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dc.contributor.advisorManzo, Lynne C.
dc.contributor.advisorRomich, Jennifer
dc.contributor.authorRodriguez, Maria Ylcelis
dc.date.accessioned2016-09-22T15:49:40Z
dc.date.submitted2016-08
dc.identifier.otherRodriguez_washington_0250E_16408.pdf
dc.identifier.urihttp://hdl.handle.net/1773/37242
dc.descriptionThesis (Ph.D.)--University of Washington, 2016-08
dc.description.abstractSocial work practice and scholarship was historically rooted in the development and analysis of policy (Rodriguez, Ostrow, & Kemp, 2016). Yet, little work has extended our knowledge base on the factors surrounding the development of housing policy and its impact on the populations we serve. The dearth of housing policy research within social welfare is particularly troubling in light of the recent foreclosure crisis (2007-2012). Notably, low-income and Latino households were disproportionality represented in the foreclosure crisis (Hall, Crowder, & Spring, 2015; Rugh, 2014), suggesting that foreclosure mitigation policies should have been crafted with these groups in mind. This dissertation aims to investigate how these households fared in the development of foreclosure mitigation policies, in order to understand how responsive policy makers can be to the context of social problems. Using a three-paper format, this dissertation investigates the development, implementation, and impact of the National Foreclosure Mitigation Counseling (NFMC) program. The dissertation uses a policy process centered conceptual framework to explain how certain groups were left out of NFMC’s purview. Each paper addresses one of the three levels of social work practice: micro, mezzo, and macro. Results indicate that, beyond being adversely impacted by the foreclosure crisis, communities of color have reaped little benefit from foreclosure mitigation policy as a result of the social constructions they are assigned during the policy making process. Latino households in particular, while experiencing a rising contender status in the federal housing policy arena, are nonetheless not benefiting from foreclosure mitigation policy in ways commiserate with the impact of the crisis on this demographic group. Recalibrating the social work research agenda toward policy study is the most direct way to address the social and economic conditions that prevent the most vulnerable from claiming and exercising full citizenship in the United States today.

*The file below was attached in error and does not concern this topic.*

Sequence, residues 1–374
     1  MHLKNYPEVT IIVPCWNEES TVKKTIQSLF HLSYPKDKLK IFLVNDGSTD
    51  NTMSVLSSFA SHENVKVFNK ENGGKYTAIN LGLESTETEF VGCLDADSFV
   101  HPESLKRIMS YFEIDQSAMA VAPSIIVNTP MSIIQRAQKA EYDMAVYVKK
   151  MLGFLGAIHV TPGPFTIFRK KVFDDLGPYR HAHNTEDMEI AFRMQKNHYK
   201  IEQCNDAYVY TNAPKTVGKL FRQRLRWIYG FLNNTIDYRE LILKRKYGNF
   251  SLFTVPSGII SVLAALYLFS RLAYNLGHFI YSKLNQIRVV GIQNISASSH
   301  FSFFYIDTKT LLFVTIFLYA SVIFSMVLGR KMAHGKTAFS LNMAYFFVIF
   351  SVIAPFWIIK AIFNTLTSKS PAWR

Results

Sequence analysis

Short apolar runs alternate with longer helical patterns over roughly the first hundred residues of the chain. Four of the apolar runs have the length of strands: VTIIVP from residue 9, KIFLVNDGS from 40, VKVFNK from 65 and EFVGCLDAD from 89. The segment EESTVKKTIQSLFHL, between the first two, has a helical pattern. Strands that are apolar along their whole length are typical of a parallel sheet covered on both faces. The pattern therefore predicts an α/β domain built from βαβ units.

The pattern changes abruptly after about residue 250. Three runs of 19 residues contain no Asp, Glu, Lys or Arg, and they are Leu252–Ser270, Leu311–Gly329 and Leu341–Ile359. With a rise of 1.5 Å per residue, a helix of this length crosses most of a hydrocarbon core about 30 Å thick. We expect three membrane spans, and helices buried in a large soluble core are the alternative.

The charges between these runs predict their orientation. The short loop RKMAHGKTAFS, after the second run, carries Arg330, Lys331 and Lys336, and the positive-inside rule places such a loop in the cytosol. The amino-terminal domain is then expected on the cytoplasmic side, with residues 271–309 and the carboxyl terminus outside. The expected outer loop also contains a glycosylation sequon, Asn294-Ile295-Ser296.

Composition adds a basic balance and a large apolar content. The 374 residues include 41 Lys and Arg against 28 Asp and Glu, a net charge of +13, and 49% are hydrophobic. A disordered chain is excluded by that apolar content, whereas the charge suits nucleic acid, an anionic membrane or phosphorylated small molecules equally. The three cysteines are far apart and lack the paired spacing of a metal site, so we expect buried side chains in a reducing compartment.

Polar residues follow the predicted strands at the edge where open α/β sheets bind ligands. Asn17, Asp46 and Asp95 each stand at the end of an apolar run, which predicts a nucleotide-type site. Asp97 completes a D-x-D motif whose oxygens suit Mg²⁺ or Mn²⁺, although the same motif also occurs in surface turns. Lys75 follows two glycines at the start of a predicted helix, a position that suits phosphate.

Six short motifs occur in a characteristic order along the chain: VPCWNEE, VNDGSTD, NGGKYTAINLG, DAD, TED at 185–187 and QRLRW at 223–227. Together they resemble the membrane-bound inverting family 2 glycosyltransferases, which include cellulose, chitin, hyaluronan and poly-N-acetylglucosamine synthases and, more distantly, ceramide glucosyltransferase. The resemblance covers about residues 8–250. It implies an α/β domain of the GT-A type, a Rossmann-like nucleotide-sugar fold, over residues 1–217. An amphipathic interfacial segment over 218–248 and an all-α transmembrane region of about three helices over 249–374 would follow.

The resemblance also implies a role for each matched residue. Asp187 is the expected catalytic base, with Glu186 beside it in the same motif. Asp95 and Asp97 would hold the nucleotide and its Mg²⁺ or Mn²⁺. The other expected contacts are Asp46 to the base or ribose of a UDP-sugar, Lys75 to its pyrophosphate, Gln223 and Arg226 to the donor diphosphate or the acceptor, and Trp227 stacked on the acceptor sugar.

dc.format.mimetypeapplication/pdf
dc.language.isoen_US
dc.subjectForeclosure Crisis
dc.subjectHousing Policy
dc.subjectLatinos
dc.subjectPolicy Analysis
dc.subjectPolicy Process Theory
dc.subjectSocial Construction in Policy Design
dc.subject.otherSocial work
dc.subject.otherPublic policy
dc.subject.othersocial work - seattle
dc.titleForeclosure Counseling with Latino Households: Policy Assumptions in a Changing Demographic Landscape
dc.typeThesis
dc.embargo.termsRestrict to UW for 1 year -- then make Open Access
dc.embargo.lift2017-09-22T15:49:40Z


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